What I didn’t know, was that Hyundai cars were the Edsels of the nineties. If you’re too young to remember Edsels, they represented Ford Motor Company’s biggest failure. They survived only three short years: 1958, 1959, and 1960. Then, Ford Motor Company, after losing millions of dollars, pulled the plug and scrapped the car.

Shortly after rolling up my sleeves and settling into this position, I found myself living on Excedrin and antacids. The job exceeded my worst nightmare. Not a day went by without a gang of angry customers camping outside my office door, waiting their turn to yell at me about the poor quality of their Hyundai car, or the fact that it had been in for service multiple times for the same problem, or that every week introduced a new mechanical failure. I honestly thought that my service manager was going to have a stroke or heart attack.

And what made this situation even worse, was the fact that many service problems were unfixable. Not even the technical gurus at Hyundai could figure out what to do or advise us how to repair certain problems. What do you say to a customer when you can’t fix their car and not even the factory can tell you what to do? In my opinion, at that particular point in time, Hyundai Motor Group was the worst car manufacturer ever.

Well, in 1998, Hyundai Motor Group acquired 51% of Kia Motors, and very slowly, the quality of their products improved. One car at a time; one model year at a time. I’m not certain that the Kia purchase had anything to do with this metamorphosis; it may just be a bizarre coincidence. All I can tell you is that service problems were more manageable, the factory reps offered more assistance, and the entire image and design of Hyundai and Kia cars improved.

A lot has happened since 1998. Hyundai and Kia cars have done a 180 degree turnaround. They have completely changed their image, dramatically improved the quality of their cars, and esthetically, they’re among the most attractive cars on the road. And if you don’t agree, pick up the latest copy of Consumer Reports’ auto edition, or Motor Trend magazine. Or better yet, talk to someone who owns one.

I’ve been a Toyota and Honda guy for over 25 years—wouldn’t even consider driving any other car. But I have to tell you, next time around, I’m taking a hard look at the Hyundai Sonata and the Kia Optima. Whether or not Hyundais or Kias will ever live up to the legacy of Honda and Toyota as far as dependability goes is yet to be proven. All I can say is that the Japanese automobile manufacturers—all auto manufacturers in fact—better take a long look in their rearview mirrors, because if they blink too long, they might find themselves staring at their Korean competitors’ taillights.

Customer Service

After dozens of encounters with customer service reps representing every industry from healthcare to banks to utility companies to auto dealers, I have come to the alarming conclusion that with few exceptions, customer service exists only in the past tense. The typical customer service rep today can only work within the boundaries of their little company handbook. They are not empowered to think outside the box; nor do they have the authority to resolve a customer’s issues without management approval. Consequently, many customers with legitimate issues are left out in the cold.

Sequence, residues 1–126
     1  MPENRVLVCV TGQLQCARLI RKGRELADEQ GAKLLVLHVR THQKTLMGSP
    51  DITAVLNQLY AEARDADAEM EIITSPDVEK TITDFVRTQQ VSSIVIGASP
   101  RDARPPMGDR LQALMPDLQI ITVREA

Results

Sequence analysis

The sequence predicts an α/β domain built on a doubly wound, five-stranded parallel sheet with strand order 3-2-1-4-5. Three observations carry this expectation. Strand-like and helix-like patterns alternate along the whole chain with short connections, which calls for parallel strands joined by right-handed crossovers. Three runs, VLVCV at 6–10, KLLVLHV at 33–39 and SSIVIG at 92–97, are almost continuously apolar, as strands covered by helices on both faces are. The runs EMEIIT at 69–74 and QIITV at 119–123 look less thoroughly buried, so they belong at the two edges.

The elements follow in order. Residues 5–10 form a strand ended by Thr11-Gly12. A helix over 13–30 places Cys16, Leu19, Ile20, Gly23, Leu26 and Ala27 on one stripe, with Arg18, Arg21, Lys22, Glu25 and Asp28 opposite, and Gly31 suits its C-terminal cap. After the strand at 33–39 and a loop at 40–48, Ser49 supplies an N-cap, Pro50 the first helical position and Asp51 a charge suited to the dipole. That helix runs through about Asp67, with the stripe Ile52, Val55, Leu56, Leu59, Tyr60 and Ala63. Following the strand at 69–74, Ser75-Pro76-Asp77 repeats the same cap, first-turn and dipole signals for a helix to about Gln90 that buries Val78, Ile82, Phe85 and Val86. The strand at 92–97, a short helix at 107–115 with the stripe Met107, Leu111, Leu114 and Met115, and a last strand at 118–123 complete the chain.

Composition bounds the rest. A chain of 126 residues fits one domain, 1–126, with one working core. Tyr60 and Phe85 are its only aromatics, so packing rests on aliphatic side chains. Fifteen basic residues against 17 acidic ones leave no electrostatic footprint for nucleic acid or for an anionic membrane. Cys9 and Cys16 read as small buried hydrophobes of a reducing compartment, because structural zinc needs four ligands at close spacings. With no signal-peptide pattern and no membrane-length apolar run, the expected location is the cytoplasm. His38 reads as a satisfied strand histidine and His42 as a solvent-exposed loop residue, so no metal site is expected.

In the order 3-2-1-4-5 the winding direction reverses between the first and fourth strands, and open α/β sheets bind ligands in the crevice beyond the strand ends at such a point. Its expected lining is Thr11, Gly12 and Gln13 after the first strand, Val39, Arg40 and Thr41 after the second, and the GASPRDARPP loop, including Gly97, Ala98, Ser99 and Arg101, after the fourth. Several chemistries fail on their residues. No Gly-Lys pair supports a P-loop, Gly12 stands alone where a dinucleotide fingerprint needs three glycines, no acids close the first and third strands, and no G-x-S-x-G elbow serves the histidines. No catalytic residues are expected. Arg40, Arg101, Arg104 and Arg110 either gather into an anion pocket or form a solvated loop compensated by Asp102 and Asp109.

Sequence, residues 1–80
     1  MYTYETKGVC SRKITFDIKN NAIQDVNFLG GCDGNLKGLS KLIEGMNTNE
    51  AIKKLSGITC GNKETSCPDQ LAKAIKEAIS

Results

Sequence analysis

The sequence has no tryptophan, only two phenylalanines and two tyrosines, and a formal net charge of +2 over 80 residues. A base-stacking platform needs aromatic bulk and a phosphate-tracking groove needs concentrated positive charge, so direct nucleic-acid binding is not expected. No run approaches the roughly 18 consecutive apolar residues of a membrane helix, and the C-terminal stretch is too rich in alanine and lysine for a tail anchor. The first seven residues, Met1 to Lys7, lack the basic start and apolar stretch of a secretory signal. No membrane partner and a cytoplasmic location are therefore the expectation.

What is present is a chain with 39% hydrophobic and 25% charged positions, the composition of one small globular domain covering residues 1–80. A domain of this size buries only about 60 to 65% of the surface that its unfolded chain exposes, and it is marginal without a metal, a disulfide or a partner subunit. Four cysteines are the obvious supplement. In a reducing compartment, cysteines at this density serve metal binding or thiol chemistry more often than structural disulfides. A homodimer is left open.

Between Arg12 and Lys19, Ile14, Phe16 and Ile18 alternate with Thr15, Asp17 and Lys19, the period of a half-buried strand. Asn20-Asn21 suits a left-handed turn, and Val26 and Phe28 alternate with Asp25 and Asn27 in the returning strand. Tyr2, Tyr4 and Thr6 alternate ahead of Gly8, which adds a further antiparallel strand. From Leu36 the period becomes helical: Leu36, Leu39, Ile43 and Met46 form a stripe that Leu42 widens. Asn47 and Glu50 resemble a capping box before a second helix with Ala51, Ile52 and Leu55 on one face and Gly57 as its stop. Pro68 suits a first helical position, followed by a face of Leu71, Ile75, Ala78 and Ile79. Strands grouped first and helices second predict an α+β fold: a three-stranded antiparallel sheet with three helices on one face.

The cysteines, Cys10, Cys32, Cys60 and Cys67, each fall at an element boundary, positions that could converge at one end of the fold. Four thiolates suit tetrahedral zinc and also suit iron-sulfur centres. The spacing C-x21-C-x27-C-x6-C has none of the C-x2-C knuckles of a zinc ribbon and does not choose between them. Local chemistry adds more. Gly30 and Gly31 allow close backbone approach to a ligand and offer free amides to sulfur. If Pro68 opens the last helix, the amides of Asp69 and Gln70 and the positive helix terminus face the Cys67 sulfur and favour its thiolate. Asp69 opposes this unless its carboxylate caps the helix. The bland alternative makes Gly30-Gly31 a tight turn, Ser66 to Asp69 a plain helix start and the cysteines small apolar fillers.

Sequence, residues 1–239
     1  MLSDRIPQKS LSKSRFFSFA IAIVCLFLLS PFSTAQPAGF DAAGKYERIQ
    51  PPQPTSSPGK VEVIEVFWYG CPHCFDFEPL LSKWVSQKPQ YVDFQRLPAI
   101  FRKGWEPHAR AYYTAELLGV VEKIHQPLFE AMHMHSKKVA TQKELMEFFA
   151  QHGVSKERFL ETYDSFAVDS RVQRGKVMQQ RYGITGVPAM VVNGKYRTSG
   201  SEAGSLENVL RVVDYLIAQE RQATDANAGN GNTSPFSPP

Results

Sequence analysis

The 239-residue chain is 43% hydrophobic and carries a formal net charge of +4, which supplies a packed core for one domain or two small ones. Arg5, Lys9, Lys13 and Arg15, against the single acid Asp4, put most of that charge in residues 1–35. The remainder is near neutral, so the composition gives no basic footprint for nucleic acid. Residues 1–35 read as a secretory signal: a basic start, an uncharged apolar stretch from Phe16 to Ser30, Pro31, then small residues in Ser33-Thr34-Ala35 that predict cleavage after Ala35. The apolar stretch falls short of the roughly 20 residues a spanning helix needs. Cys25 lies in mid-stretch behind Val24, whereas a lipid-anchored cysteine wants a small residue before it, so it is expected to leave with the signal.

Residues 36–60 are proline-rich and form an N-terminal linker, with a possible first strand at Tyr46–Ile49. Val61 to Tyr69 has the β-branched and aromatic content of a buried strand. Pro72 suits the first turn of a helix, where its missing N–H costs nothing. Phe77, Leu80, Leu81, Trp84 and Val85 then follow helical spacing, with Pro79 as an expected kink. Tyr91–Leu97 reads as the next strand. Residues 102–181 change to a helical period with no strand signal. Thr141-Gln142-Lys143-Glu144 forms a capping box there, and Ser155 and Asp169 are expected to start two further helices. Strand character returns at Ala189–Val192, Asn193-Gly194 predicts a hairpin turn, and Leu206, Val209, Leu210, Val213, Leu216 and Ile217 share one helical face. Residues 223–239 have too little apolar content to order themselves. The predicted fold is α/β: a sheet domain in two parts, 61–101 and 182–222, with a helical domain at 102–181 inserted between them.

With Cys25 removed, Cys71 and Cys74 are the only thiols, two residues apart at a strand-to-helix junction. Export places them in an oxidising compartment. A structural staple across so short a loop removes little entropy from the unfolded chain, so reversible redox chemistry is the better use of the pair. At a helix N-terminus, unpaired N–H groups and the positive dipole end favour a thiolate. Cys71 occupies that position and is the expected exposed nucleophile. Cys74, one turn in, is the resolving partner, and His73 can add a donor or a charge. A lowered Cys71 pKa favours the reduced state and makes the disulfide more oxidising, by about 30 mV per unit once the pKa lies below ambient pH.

Whatever happened to the philosophy that the customer is always right? Now I realize that many consumers are unreasonable and their expectations are off-the-charts ridiculous. However, I truly believe that this does not represent the average consumer. Most people merely want quality products and good service after the sale. Period.

Back a few years ago when I worked as a General Manager in the retail automotive business, I learned some curious things about customer service. Sitting across from dozens of customers and listening to their complaints proved to be an enlightening experience. I discovered that if a customer presented me with a problem, and I didn’t immediately comply with their request (assuming, of course, that it was reasonable), and I forced them into a debate, from the customer’s point-of-view—even if ultimately they got what they wanted—they walked away from the dealership feeling that I did nothing to help him or her. If a customer had to argue with me to get what they felt was a fair consideration, even if I ultimately agreed to fix their problem, from the customer’s perspective, I got a poor report card because the customer had to fight for something they believed was rightfully theirs in the first place.

So, my philosophy as a General Manager was simple. It followed two fundamental principles. First, when a customer presented me with an issue—whether a service problem, sales issue, or something regarding what the customer paid for a particular service or product—unless the request was outrageous or totally bogus, I smiled, apologized for the inconvenience, and graciously complied with their request. Whether the request was for a refund, discount, or service-related consideration, I did not engage in any debates or arguments, nor did I force the customer to “prove” that his or her claim was legitimate. I helped them immediately, without making the customer convince me that they were entitled to this accommodation. When a business agrees to resolve an issue right up front, with no argument and no nonsense, the customer wins and the business gets a good report card. And a good report card translates to repeat customers and referrals.